the growth in value of an asset like stock or real estate since the original purchase

the price a willing buyer and willing seller can agree on

The person receiving the gift annuity payments.

the part of an estate left after debts, taxes and specific bequests have been paid

a written and properly witnessed legal change to a will

the person named in a will to manage the estate, collect the property, pay any debt, and distribute property according to the will

A donor advised fund is an account that you set up but which is managed by a nonprofit organization. You contribute to the account, which grows tax-free. You can recommend how much (and how often) you want to distribute money from that fund to Dallas Baptist University or other charities. You cannot direct the gifts.

An endowed gift can create a new endowment or add to an existing endowment. The principal of the endowment is invested and a portion of the principal’s earnings are used each year to support our mission.

Tax on the growth in value of an asset—such as real estate or stock—since its original purchase.

Securities, real estate, or any other property having a fair market value greater than its original purchase price.

Real estate can be a personal residence, vacation home, timeshare property, farm, commercial property or undeveloped land.

A charitable remainder trust provides you or other named individuals income each year for life or a period not exceeding 20 years from assets you give to the trust you create.

You give assets to a trust that pays our organization set payments for a number of years, which you choose. The longer the length of time, the better the gift tax savings to you. When the term is up, the remaining trust assets go to you, your family or other beneficiaries you select. This is an excellent way to transfer property to family members at a minimal cost.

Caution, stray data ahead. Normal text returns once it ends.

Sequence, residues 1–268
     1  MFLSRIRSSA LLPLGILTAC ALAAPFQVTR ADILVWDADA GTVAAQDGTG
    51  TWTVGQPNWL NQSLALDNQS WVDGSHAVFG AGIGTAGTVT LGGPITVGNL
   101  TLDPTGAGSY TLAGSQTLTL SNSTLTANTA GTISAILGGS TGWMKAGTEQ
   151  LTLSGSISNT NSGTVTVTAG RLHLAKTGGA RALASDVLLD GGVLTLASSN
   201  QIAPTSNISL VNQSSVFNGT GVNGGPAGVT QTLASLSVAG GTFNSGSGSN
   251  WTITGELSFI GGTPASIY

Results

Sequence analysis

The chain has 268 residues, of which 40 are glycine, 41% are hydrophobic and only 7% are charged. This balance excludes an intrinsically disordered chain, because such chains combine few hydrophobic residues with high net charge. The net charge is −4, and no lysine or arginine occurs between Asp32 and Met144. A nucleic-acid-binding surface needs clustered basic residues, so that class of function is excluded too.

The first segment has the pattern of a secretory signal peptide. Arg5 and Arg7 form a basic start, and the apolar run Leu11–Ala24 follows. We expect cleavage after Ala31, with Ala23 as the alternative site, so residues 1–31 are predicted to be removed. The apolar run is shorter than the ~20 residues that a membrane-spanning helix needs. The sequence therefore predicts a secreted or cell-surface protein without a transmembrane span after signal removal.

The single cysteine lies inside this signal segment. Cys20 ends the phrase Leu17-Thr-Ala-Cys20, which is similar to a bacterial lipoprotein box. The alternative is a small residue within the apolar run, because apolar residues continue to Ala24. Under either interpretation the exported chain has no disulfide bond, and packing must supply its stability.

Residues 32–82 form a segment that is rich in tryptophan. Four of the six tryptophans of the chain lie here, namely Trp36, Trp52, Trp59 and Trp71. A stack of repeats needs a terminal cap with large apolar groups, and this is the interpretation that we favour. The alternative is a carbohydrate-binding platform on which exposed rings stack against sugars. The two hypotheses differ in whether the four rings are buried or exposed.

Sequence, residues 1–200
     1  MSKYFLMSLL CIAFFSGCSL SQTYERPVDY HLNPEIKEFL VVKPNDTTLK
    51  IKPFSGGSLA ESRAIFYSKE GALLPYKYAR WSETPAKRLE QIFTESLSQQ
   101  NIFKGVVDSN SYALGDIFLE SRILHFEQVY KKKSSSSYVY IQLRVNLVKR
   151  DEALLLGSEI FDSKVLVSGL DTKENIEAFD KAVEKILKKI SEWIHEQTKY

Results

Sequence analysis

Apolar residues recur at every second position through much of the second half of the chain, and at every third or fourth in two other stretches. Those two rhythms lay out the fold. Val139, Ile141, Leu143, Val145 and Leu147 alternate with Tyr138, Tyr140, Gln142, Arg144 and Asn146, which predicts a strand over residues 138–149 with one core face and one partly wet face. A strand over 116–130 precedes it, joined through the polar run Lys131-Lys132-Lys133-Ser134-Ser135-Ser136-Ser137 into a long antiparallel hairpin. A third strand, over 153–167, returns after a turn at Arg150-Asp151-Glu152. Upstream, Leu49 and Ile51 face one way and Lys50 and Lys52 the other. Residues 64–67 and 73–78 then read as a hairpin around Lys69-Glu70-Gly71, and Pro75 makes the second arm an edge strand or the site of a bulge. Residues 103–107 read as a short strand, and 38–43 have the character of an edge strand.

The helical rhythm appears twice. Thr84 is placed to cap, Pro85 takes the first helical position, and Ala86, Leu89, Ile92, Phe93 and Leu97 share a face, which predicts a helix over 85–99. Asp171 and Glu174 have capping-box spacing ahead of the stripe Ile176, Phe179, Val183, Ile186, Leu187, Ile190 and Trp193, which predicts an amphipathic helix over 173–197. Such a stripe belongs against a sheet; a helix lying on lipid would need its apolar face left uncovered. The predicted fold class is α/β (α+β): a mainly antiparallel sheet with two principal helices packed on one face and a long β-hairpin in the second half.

You fund this type of trust with cash or appreciated assets—and receive an immediate federal income tax charitable deduction. You can also make additional gifts; each one also qualifies for a tax deduction. The trust pays you, each year, a variable amount based on a fixed percentage of the fair market value of the trust assets. When the trust terminates, the remaining principal goes to Dallas Baptist University as a lump sum.

You fund this trust with cash or appreciated assets—and receive an immediate federal income tax charitable deduction. Each year the trust pays you or another named individual the same dollar amount you choose at the start. When the trust terminates, the remaining principal goes to Dallas Baptist University as a lump sum.

A beneficiary designation clearly identifies how specific assets will be distributed after your death.

A charitable gift annuity involves a simple contract between you and Dallas Baptist University where you agree to make a gift to Dallas Baptist University and we, in return, agree to pay you (and someone else, if you choose) a fixed amount each year for the rest of your life.

Personal Estate Planning Kit Request Form